Examples from Germany's so-called Baugroupen, shows very clear, that a large group of people together can plan a housing area. The Baugroupen, which are created in consultation with an architect, is a participatory way to plan an area. Bauroupen are normally around 10 households, discussing their issues, conserns and needs.
Methods to share information to a group of people when they are not involved in the future living, and before a plan is finished is extremly rare. But this happened in Vänersborg, Sweden, spring 2009 when nearby households to an area under planning were involved in the planning process. This was also done with specifically participatory methods, to understand the case from everyone's perspective, to whittle down the expected conflict..
Case; The forest next to the suburb of Mariedal in Vänersborg, Sweden, has a pine tree plantage now high enough to clearcut. Same forest has a housebuilding plan accepted early as 1929, were the area should house 40 more villas. Some of the residents knew this, some didn't. But these plans where now at the architects drawing table- because it's time efficient to build houses in the same time as the forest is cleared. A case ready for a conflict, so SLU (the Swedish Agricultural University) set a dialouge with residents in the area to mediate between the Planning Committee and the one's living and using the forest (knowing later; as a playground for kids at the nearby school and kindergarten, as a walkingarea for dogs etc). 200 letters were send out to the neighbourhood close to the forest, welcoming everyone to listen to new plans but moreover, to have a say about it.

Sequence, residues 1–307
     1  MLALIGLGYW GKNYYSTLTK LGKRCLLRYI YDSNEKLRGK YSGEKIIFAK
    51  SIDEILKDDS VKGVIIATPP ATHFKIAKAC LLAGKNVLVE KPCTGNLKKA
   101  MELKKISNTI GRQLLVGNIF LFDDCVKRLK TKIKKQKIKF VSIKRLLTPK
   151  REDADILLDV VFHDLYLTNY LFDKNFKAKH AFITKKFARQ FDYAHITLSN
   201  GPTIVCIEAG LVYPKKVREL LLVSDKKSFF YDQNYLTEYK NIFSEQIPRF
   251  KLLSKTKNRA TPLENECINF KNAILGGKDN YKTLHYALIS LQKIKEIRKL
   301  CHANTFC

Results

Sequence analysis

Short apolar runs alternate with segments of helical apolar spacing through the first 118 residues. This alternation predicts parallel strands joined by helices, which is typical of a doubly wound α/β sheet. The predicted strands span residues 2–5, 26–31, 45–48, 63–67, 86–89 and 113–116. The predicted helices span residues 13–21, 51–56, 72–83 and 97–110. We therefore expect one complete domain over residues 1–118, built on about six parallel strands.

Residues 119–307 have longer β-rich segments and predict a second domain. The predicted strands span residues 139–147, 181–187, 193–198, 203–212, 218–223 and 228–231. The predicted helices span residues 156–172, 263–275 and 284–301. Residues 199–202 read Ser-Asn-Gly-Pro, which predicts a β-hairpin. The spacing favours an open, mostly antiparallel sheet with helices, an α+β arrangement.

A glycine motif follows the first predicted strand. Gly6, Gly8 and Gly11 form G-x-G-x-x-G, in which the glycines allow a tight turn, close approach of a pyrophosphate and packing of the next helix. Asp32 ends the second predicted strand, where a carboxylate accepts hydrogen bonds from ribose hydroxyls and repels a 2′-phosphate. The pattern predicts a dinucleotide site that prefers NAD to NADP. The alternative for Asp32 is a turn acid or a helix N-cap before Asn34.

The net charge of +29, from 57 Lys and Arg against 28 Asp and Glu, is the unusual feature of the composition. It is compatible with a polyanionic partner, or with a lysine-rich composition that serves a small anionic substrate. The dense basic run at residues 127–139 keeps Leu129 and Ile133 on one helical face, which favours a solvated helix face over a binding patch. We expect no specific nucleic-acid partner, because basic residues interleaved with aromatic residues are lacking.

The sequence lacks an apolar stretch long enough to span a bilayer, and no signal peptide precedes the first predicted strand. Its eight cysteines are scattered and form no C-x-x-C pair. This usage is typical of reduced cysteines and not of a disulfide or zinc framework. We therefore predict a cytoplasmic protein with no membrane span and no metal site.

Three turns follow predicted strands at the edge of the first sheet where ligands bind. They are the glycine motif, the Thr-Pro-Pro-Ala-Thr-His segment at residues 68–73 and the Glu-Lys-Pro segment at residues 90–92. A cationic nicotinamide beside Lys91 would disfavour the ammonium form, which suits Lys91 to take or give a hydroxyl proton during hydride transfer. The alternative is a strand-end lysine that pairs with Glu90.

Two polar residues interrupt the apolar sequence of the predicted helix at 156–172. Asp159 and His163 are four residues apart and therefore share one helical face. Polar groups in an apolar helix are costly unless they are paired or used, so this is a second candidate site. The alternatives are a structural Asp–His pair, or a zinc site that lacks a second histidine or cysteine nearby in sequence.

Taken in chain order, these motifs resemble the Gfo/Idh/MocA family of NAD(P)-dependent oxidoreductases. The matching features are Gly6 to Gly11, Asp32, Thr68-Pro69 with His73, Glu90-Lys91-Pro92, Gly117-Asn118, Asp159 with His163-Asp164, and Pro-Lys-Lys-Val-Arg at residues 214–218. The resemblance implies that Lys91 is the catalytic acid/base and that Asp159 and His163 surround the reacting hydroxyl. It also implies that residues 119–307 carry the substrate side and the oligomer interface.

A closeby area with new villas, residents saying: isn't that large enough?
Leave our forest alone!
Leave our forest alone!
So what happened after? Now august 2011, they do not even know what to do there. Residents in the nearby area wonder if they have their forest or new neighbours. They lack information and the project is placed on ice.
Important note: meetings in this way should only be organized if they are needed. Participatory meetings are for learning and action.. A follow-up after things like this is necessary if starting a process like this.
From Participatory methods toolkit; A practitioner’s manual;
The general steps in developing and implementing public participatory methods constitute the following:
1. Recruit a project team.
2. Define the purpose and goals of the strategy.
3. Determine the scope and focus of a public involvement process.
4. Understand the legislative, legal, jurisdictional and social context for the issue and any decision(s) to be made.
5. Determine who should be involved and why.
6. Understand the time frame and process for decisions.
7. Design the plan (choosing one or multiple methods).
8. Assemble the funding.
9. Set adequate timelines and other resources required to make the process work.
10. Recruit participants.
11. Promote the event.
12. Implement the plan.
13. Evaluate the process and results.
14. Produce and disseminate final report.
Vänersborg's participatory methods were stuck at number 13. So much work for nothing.